The political stripe of a government does not help people affected by poverty, according to researchers at the University of Windsor in Ontario.
Two social work professors in Windsor conducted a 10-year study on the effectiveness of government policies on poverty reduction.
The researchers found little improvement across all 10 provinces, regardless of which party was in power.
Researcher Nazim Habibov studied the results of poverty reduction strategies for the period from 1996 to 2005 and said political ideologies didn't influence what actions were actually taken.
"We found over that ten year period, generally speaking, the effectiveness of that poverty rate reduction did decline, so basically what we're saying is that social safety net's weakened," said Habibov.
Robert Weaver and Nazim Habibov looked at three areas: social assistance, worker compensation, and tax credit programs. They concluded that all parties either shifted to the right over the last decade, or they focused on alternative strategies, like job creation policy.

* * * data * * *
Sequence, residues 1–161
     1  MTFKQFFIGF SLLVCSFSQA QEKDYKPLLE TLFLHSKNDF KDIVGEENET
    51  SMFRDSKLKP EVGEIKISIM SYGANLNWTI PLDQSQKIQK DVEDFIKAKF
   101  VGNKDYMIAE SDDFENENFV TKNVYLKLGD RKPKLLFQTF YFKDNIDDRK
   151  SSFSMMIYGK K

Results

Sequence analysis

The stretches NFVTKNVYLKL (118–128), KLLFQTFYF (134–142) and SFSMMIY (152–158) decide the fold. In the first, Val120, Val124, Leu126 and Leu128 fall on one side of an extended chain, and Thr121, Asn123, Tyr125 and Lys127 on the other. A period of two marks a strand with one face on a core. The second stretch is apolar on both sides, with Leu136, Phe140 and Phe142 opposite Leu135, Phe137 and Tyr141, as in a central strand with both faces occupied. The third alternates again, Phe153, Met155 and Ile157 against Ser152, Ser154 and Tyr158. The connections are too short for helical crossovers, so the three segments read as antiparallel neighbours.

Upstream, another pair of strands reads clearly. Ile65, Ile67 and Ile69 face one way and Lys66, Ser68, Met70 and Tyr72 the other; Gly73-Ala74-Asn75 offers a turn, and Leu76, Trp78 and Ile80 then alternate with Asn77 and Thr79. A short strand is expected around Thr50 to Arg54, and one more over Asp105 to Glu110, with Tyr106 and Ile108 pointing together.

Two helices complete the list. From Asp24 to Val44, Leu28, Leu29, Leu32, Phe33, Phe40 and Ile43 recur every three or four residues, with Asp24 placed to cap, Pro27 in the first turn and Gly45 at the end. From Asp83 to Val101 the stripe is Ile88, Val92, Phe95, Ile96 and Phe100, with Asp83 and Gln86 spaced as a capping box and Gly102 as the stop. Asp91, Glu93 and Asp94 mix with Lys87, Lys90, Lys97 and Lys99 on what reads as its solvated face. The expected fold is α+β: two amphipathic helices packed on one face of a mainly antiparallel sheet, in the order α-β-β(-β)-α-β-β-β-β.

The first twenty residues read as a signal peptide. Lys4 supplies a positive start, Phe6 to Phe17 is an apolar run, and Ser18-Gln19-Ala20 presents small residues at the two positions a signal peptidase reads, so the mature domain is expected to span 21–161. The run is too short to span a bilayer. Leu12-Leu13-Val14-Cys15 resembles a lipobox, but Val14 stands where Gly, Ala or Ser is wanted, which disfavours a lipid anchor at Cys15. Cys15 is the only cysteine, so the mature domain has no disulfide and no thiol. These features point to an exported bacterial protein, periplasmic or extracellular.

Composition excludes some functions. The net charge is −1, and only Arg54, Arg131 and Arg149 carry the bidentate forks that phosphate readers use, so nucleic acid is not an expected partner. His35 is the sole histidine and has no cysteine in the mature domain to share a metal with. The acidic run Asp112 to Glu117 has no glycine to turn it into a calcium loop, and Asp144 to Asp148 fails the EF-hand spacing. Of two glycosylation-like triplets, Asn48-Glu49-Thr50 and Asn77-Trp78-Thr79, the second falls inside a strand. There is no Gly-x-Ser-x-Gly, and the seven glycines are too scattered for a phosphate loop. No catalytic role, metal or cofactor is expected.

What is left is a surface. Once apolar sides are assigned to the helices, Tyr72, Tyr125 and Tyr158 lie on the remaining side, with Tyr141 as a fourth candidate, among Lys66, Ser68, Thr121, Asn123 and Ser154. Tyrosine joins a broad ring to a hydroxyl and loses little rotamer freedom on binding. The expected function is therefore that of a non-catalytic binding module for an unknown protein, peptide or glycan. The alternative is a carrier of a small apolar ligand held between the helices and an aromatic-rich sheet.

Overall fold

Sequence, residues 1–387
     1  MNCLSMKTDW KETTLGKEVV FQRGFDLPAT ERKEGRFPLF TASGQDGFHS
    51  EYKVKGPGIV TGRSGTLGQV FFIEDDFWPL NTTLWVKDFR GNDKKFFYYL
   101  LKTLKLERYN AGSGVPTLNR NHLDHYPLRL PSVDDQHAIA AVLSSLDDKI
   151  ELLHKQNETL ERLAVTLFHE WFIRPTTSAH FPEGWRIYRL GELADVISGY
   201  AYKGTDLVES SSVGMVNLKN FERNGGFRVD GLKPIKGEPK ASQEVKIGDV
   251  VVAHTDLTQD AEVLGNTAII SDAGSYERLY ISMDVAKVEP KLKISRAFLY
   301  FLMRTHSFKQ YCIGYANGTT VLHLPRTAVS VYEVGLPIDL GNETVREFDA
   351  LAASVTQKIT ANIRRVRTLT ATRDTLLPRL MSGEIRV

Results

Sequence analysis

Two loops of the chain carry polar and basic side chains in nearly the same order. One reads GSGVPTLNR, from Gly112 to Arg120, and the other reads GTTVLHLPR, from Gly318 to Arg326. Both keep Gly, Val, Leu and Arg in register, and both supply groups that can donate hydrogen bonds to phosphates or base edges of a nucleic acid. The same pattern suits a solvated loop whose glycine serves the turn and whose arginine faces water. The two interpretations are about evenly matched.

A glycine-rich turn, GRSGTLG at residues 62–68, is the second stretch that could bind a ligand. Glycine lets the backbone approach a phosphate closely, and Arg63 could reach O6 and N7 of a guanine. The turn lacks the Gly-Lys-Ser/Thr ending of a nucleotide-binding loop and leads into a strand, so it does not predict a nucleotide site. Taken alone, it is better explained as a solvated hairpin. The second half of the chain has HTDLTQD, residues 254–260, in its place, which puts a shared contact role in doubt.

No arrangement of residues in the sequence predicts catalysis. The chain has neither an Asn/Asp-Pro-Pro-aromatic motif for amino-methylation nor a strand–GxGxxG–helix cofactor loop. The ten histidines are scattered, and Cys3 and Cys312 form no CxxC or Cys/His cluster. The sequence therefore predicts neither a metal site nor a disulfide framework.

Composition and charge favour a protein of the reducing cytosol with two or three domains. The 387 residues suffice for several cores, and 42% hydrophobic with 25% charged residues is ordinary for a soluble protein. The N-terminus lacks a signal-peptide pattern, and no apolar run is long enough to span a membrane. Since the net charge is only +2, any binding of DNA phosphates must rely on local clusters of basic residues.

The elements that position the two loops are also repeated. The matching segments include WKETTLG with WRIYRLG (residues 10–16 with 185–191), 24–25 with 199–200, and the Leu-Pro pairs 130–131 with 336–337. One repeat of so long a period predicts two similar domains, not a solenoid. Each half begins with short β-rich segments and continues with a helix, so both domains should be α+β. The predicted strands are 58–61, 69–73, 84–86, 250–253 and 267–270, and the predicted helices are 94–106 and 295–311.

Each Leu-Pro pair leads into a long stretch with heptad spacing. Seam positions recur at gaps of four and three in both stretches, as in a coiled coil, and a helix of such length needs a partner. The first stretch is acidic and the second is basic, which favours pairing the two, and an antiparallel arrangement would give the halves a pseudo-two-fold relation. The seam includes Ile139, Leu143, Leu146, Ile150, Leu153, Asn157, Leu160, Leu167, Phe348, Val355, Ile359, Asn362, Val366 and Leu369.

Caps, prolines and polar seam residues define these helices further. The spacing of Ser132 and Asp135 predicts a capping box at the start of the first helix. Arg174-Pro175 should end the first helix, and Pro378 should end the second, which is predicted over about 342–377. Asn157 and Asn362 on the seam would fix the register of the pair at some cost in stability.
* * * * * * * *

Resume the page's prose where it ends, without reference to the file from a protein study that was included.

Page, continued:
Whatever the reason, Barry Furlonger from Windsor's Downtown Mission said he didn't need a study to tell him what he has seen first-hand.
"The classic example of that is the Liberals criticizing Mr.[Mike] Harris when he made the big cuts to welfare and other programs for poor people and then when they got in, they didn't do a lot to change that," said Furlonger.
'We should be out of business, not in business. We're doing what government should be doing.' —Barry Furlonger, Windsor's Downtown Mission
Even though the study focused on provincial parties, the professors said the message to federal election voters was 'vote for the platform, not the party.'
Furlonger suggested that if governments are really serious about helping the poor, they should be giving them significant tax breaks, like ones given to industry.
ways to do it that don't involve food banks," Furlonger said. "We should be out of business, not in business. We're doing what government should be doing."